Tag Archives: Comments for Stuart’s EDC blog

Comment on Visual Artefact – The network of humans by Daniel Jackson-Yang

In much the same way that the people pictured were augmenting their bodies your visual artefact is augmented by sound.

May I suggest an experiment just for amusement? Change the soundtrack to see the change in emotional tone. Maybe this: https://www.youtube.com/watch?v=Y5rEMQ5a8YQ

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Comment on Digital senses by Daniel Jackson-Yang

Slightly ironic that in an accessibility conference they were showcasing a technology that is inaccessible to me due my monoaural hearing problems. Still, I don’t begrudge people their new toys.

What I found interesting was the idea of how usage is making this a viable technology. Binaural recording has been available for quite some time now, I remember learning about it 12 years ago in music college. What’s perhaps making this more viable for the BBC is mobile technologies and people listening through headphones rather than off single speaker radios. There would have been no point to binaural sound if most people were still listening off old transistor radios.


I think spiritual is a very loaded term to use. It risks attributing virtual reality technologies with a quasi-religious dimension. Possibly implying transcendence and the erasure of the body. Something that Hayles argues against in How We Became Posthuman (another of the extra readings for this block). Totally fine to use the word spiritual if that is what you intend to imply. An alternative without the religious overtones would be subjective, maybe.

The list of transitions can also be interpreted in a problematic way. Transition implies that we go from one state to another whilst with all the pairs you give the two examples continue to exist and interact together.

I also have a bee in my bonnet about the idea of digital natives and immigrants. Check out The ‘digital native’ in context: tensions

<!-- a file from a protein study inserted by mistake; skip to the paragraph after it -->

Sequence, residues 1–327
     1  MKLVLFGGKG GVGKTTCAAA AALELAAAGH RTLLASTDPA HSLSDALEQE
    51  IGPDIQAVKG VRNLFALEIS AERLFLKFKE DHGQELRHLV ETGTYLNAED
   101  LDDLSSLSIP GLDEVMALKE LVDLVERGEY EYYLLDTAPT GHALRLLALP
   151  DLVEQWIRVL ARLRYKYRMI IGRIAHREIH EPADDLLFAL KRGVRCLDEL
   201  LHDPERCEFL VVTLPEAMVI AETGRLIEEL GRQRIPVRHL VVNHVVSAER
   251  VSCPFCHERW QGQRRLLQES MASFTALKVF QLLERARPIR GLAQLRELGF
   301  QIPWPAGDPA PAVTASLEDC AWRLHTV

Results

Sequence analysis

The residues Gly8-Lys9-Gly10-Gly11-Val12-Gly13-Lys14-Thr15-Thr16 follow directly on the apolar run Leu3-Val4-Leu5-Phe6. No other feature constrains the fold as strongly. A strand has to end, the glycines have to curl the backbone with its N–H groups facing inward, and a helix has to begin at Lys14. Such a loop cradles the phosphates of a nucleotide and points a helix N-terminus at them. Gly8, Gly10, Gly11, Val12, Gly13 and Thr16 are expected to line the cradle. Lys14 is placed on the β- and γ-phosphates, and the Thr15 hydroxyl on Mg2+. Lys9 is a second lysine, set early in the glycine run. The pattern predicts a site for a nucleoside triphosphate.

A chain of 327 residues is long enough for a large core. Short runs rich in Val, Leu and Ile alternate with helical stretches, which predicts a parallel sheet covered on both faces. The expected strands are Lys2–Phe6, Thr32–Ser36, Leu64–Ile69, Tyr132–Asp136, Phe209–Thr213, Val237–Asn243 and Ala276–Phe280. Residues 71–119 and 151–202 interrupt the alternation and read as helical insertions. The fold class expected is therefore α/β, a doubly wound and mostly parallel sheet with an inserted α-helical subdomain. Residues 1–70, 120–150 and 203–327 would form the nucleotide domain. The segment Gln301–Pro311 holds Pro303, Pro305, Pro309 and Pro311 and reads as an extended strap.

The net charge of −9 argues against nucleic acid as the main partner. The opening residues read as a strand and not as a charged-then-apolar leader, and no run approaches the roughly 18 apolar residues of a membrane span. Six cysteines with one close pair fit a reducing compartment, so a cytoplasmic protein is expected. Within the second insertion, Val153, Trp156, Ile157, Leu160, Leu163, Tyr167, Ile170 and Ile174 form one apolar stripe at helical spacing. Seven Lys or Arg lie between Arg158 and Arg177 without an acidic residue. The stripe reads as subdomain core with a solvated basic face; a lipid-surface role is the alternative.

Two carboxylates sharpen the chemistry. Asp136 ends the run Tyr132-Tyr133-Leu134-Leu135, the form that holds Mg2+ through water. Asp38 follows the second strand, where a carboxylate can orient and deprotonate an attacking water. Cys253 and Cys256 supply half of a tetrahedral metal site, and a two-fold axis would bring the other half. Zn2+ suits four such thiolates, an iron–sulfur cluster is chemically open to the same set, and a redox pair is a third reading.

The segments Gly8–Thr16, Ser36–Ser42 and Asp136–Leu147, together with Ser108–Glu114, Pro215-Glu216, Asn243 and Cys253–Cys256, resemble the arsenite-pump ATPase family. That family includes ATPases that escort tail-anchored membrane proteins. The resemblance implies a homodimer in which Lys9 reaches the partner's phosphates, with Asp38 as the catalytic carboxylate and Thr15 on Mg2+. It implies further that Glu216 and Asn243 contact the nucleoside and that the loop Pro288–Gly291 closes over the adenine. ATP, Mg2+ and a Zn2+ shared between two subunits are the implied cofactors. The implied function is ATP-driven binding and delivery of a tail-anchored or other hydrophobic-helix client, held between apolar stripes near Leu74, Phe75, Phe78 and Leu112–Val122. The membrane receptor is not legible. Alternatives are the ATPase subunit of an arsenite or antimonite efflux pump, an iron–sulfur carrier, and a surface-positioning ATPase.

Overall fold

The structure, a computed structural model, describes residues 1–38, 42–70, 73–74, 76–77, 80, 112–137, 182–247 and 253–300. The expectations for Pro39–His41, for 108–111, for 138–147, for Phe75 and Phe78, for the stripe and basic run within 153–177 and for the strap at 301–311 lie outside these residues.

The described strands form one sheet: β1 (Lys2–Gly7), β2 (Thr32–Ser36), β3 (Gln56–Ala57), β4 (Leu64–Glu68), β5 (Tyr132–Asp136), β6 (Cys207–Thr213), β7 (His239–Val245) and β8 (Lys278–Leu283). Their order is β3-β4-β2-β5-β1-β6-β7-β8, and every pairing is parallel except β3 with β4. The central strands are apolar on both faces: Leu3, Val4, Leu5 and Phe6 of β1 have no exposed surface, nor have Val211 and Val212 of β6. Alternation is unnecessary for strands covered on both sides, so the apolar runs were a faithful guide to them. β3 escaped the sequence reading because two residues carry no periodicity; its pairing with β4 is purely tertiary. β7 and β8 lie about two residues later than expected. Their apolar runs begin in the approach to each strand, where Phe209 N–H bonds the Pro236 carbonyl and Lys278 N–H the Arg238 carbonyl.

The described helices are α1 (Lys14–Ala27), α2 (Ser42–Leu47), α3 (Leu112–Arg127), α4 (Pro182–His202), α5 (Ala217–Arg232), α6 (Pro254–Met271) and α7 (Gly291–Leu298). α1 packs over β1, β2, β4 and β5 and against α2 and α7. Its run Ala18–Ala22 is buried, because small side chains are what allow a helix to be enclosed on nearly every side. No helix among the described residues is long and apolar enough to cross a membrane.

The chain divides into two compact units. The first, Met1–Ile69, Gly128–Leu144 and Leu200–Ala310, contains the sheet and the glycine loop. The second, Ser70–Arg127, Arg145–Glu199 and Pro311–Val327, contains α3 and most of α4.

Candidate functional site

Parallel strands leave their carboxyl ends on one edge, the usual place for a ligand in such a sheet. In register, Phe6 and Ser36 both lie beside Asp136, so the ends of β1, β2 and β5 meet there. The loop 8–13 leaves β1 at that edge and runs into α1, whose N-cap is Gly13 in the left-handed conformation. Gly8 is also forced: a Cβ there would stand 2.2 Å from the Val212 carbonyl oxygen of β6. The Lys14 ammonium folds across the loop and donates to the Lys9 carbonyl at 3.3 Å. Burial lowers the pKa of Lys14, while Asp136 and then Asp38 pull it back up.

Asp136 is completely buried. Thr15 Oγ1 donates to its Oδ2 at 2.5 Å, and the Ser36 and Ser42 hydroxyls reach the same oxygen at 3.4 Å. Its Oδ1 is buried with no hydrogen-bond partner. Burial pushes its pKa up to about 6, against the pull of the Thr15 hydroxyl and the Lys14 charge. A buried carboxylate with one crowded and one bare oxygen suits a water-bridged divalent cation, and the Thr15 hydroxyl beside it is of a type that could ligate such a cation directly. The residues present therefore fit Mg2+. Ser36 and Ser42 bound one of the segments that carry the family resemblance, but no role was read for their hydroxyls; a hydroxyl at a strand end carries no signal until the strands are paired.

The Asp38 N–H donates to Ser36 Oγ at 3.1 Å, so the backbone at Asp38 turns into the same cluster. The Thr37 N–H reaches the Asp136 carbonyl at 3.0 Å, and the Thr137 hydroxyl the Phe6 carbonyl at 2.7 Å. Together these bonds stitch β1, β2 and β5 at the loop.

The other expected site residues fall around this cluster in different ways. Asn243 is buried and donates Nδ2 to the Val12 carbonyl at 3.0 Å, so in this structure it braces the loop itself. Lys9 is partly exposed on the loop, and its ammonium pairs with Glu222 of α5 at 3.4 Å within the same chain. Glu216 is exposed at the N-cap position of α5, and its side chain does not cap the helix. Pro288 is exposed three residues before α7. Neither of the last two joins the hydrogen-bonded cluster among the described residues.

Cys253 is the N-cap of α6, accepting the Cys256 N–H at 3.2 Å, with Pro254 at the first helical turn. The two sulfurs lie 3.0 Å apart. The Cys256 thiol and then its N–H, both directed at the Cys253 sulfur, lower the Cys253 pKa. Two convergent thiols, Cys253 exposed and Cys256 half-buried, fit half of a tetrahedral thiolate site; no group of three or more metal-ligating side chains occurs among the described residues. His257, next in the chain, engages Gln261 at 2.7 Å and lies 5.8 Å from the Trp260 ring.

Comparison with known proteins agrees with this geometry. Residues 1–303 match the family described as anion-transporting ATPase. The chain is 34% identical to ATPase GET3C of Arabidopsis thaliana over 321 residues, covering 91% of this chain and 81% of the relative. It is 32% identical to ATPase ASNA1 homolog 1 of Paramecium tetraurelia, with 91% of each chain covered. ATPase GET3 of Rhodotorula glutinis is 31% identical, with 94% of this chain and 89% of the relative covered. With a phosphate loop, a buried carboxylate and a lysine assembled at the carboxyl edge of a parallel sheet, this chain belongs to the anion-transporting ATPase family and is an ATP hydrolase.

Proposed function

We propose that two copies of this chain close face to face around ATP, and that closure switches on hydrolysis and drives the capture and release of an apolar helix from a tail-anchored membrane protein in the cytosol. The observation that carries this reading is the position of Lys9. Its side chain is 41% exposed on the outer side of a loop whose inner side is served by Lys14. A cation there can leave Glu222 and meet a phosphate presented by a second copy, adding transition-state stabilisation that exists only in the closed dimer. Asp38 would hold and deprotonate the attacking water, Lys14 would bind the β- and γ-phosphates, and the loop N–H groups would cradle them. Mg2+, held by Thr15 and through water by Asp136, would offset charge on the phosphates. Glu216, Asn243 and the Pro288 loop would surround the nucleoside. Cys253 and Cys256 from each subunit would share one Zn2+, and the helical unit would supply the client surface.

associated with importing Web 2.0 practices into the school setting, Vol. 38, No. 1, February 2012, pp. 63–80 , Oxford review of education by Charles Crook

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Comment on Cybercultures by cpsaros


There are lots of interesting things you allude to in this post Stuart.

Online dating or even online friendships highlight how much importance society places on physical attributes. I have wondered whether there might one day be a computer programme that can ‘read’ our hearts and our heads and take all the fun out of meeting people by just saying, “Yes, boom! You’ll get along and find each other attractive. Match!” I doubt this with come into being because I think that part of our humanity, as well as our ability to love, be kind and honest, is our fickleness!

What I think is really interesting is how these practices have changed the way in which we socialise. In the nineties, when we were only plugged into our Diskmans, we looked up on the bus maybe caught someone’s eye, smiled and started up a conversation. I think of doing the same thing today and it doesn’t seem plausible. Everyone is looking at their phones, and if someone looks up smiling at you with their phone in their hand I’m more likely to think they are taking an unauthorised picture than think they’d be interested in having a chat.

Dating, in general, is pretty hideous! The way dating app developers have made human emotion into a game is even worse but unfortunately I don’t think that ‘traditional’ dating behaviours are likely to be adopted ever again. Which begs the question… how much worse can it get?

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